Louis Sullivan’s poetry noted that form follows function in the Natural Domain. In the Built Domain of the future, architectural form must follow symbiotic function to survive in a limited field that is not overgrown with intensity.

Tuesday, January 22, 2013

Problem Solvers

In the essay below, I do not mean to say that architects do not solve problems. I hope it becomes clear that I am talking about the level of problem solving involved. In my opinion, the level is adequate to serve but not to lead and this is the “problem”. Architects do not presently define leadership goals. They achieve leadership objectives. A better architectural vocabulary is needed to address shelter goals within urban form at a scale that is unquestionably in the public interest. Architects have the resources in their files to begin the research and build the knowledge, but the challenge has never been issued.
I have long felt: (1) That there is a leadership vacuum where urban sprawl and core congestion are concerned; (2) That this is a threat to survival since sprawl consumes our source of life and congestion (intensity) degrades our quality of life; (3) That inattention stems from an inadequate architectural vocabulary capable of recognizing and expressing the “problem”; (4) That an inadequate vocabulary leads to inarticulate city planning solutions; (5) That our present vocabulary cannot efficiently and comprehensively correlate two-dimensional land use separation with three-dimensional intensity; (6) That a lack of correlation leads to promiscuous annexation blindly seeking economic stability; (7) That land is our source of life, not to mention water; (8) That asphalt paving is the largest remaining oil spill on the face of the planet; (9) That municipal land use allocation must be correlated with development capacity and intensity within limited geographic areas; and (10) That development capacity can be mathematically measured, forecast, evaluated, limited, and correlated with many other city planning objectives.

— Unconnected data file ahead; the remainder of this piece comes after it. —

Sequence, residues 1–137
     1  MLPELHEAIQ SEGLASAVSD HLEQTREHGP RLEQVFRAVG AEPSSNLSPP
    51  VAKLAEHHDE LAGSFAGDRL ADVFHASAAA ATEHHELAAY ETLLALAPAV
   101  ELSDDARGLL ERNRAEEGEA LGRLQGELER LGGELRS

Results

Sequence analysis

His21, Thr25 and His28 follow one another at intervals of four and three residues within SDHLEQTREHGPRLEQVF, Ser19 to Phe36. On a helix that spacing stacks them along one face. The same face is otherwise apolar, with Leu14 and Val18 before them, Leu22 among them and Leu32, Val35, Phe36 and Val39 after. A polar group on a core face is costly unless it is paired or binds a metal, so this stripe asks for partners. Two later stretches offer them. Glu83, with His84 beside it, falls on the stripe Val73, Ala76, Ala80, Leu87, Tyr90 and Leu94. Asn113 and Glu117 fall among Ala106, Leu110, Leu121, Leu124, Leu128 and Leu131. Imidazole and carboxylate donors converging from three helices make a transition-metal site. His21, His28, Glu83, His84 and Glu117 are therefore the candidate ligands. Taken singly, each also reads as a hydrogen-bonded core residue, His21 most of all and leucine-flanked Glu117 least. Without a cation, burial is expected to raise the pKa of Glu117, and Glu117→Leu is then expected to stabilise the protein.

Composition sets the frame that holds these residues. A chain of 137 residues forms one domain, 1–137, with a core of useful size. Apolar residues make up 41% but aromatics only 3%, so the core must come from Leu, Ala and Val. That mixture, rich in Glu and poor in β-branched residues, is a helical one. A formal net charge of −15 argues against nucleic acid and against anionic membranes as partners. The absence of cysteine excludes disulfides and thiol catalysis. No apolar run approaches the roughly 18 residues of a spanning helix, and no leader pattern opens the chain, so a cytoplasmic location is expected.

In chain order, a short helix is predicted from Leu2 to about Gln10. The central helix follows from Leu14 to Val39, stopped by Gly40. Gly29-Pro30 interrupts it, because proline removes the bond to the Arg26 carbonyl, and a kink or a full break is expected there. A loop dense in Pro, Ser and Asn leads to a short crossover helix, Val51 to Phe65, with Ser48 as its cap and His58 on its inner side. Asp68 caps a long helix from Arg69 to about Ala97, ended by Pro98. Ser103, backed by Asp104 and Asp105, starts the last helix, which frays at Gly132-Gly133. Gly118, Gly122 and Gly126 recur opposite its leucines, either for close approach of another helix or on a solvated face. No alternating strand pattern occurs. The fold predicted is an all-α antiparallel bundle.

We are all problem solvers. Architects do not have a monopoly. The “problem” is often a lack of anticipation. It overlooks the question and substitutes assumption.
The question is how to provide shelter for growing populations within a limited Built Domain that does not threaten its source and quality of life? The strategy will require a new leadership vocabulary. Fortunately, the many faces of architecture have a surprisingly limited mathematical anatomy, and common concerns may begin to coalesce around sustainable solutions for a symbiotic future. 


As Claudio Velez, AIA has pointed out, there are many "problems" in life. The challenge is to organize and prioritize the hierarchy. I understand that architecture is a design problem to be solved, but the word "problem" has created confusion. It is too general. Architects do not define leadership problems. They achieve leadership objectives by correlating tasks and activities to solve project design "problems". The solutions represent solitary accomplishments with unconvincing social contribution in many cases.
Architects coordinate tasks and activities to achieve an objective called a“problem”, but a building is often only part of the problem. It is a step on the road to a client goal. In fact, architects are part of the client’s problem until their work is complete. 
The architectural problem is that a building benefits an owner and occupant but can be considered an intrusion that threatens the public health, safety, and welfare. Architecture is on the wrong side of the equation and the imposition of building codes, zoning codes, and public review are evidence for my claim. 

It does not need to be this way. Medicine has a public and private face. The same is true for law, engineering, accounting, and so on. These professions have recognized that public benefit accrues from improvement in private practice and have effectively explained this to government. Their institutions include goals, strategies, and research involving public benefit. Private practice focuses on the skills and detail needed to deliver that benefit by achieving a project objective. It took a lot of military organization to succeed at Normandy, but the tasks and activities were part of a management objective. The objective was part of a planning strategy to achieve a leadership goal. Architects must join the general staff and build the knowledge required to earn the position.  

A building is an objective. Shelter for the activities of growing populations in a geographically limited Built Domain is a leadership goal intended to protect their source and quality of life. A planning strategy is needed and we are missing the architectural language required.